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At a glance: Lao People's Democratic Republic

For a Lao mother, good nutrition turns despair to dreams

WATCH: Redefining nutrition in a Lao village

 

By Shane Powell

A partnership between UNICEF and the European Union to support better awareness and treatment of malnutrition has helped one mother in rural Laos overcome loss and raise a healthy family.

ADONE VILLAGE, Lao People’s Democratic Republic, 3 June 2015 – Thien was just 16 the night she felt her first labour pains radiate up through her belly and around her lower back.

Three days later, her newborn first child died. 

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© UNICEF Video
Nearly half the children in the Lao People's Democratic Republic have some form of nutrition-related illness.

Less than a year later, her second child died immediately after birth.

“I had no idea why,” Thien explains, clutching her back as she recalls the pain of childbirth. “At the time, I didn’t know anything.”

Three months into her third pregnancy, she suffered a miscarriage.

Her story is emblematic of many mothers her age in the Lao People’s Democratic Republic (PDR), especially in the country’s rural and remote areas.

Child mortality rates in Lao PDR rank among the highest in the region, with nearly 79 deaths per 1,000 children (live births) prior to their fifth birthday, according to 2013 figures.

Cultivating health

Fortunately, Thien’s story didn’t end with her third pregnancy. Today she is 30 and has four children ranging in age from 2 to 6 years. She is also five months pregnant.

She admits, however, that her surviving children’s health has not always been as good as today.

“Things have been difficult,” she says. “I was always tired. My children were thin and unhealthy.”

Malnutrition remains one of the most serious threats to children’s health in Lao PDR. Nearly half the country’s children have some form of nutrition-related illness. In Saravane province, stunting, or low height for age as a result of chronic malnutrition, affects 54 per cent of children under 5, one of the highest rates in the country.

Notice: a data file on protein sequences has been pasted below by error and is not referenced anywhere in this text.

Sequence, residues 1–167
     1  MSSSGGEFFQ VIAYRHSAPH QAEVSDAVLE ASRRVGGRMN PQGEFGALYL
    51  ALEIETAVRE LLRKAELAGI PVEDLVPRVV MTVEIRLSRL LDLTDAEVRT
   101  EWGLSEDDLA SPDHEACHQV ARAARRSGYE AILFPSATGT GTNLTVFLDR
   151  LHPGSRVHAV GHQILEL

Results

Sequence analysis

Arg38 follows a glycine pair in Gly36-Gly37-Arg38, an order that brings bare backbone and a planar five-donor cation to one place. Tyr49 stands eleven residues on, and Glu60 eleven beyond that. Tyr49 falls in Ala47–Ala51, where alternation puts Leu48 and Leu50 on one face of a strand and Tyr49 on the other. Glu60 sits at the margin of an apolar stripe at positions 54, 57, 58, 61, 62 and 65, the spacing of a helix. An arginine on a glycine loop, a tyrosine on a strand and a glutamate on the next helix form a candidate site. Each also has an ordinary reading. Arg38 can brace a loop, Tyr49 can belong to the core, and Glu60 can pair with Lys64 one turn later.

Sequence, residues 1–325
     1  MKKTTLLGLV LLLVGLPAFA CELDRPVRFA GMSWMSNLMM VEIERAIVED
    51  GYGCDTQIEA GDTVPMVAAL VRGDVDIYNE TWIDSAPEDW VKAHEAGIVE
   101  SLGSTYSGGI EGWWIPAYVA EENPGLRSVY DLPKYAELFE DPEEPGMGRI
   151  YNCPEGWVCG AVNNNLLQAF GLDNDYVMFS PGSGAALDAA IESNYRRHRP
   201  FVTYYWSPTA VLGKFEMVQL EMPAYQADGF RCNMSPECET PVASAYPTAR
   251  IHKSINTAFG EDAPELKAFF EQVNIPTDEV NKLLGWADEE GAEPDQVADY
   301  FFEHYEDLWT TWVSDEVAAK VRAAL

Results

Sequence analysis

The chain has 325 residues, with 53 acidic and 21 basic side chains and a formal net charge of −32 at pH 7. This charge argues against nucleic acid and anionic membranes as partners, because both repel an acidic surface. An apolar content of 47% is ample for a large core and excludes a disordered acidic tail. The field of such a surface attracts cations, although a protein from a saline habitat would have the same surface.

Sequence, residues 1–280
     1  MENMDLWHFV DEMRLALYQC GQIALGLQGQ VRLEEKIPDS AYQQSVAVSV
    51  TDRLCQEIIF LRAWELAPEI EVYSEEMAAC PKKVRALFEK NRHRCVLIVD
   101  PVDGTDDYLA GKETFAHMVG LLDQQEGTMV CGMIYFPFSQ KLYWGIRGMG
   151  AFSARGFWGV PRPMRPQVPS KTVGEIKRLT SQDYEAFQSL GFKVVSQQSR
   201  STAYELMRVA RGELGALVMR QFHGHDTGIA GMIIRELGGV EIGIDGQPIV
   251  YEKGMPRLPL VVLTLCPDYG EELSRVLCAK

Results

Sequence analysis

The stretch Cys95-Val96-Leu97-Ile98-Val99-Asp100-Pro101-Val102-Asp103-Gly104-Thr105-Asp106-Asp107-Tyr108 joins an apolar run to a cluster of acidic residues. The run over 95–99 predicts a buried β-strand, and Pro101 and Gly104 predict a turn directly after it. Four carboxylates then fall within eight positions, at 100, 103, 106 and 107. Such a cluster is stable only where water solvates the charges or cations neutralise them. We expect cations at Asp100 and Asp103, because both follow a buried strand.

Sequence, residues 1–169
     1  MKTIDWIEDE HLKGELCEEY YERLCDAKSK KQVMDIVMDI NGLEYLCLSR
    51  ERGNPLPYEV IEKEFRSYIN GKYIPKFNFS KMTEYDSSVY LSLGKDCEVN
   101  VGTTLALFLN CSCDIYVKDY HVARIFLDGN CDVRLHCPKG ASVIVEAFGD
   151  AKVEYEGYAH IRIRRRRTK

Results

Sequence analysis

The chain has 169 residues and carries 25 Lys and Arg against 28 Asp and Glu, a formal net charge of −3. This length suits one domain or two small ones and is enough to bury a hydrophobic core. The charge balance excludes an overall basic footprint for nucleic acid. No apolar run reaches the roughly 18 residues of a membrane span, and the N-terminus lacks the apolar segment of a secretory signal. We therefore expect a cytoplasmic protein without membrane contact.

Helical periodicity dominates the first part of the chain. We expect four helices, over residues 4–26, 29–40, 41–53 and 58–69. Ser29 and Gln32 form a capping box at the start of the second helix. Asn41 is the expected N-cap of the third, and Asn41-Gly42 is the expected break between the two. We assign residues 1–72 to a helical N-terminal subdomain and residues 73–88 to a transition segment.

Along with addressing issues of poor hygiene, water, and sanitation and limited access to health services, the Lao Government is determined to build an effective response to malnutrition.

Paths to progress

“We know the challenges, but we are also seeing changes,” explains Loth Lanaphane, Director of the Tahuak Health Centre, the health facility closest to Thien and her family. “This used to be an extremely difficult place to live, especially because of the roads. Certain villages were situated in very remote locations and accessible only by mobile doctors during the dry season. There were no local health centres like today.”

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© UNICEF Video
Lao Women's Union Volunteeers are trained to conduct house visits and provide guidance on infant and young child feeding.

Newer roads, he says, coupled with the construction of health centres such as this one, have literally paved the way for progress.

In 2012, Mr. Loth was trained to identify malnourished children in his health centre’s zone. Thien’s son, Thing, was one of 13 identified in a first round of screenings for children under 5. The health centre staff provided a treatment course of eeZeePaste, a therapeutic food designed to treat and replenish a child’s nutrient levels.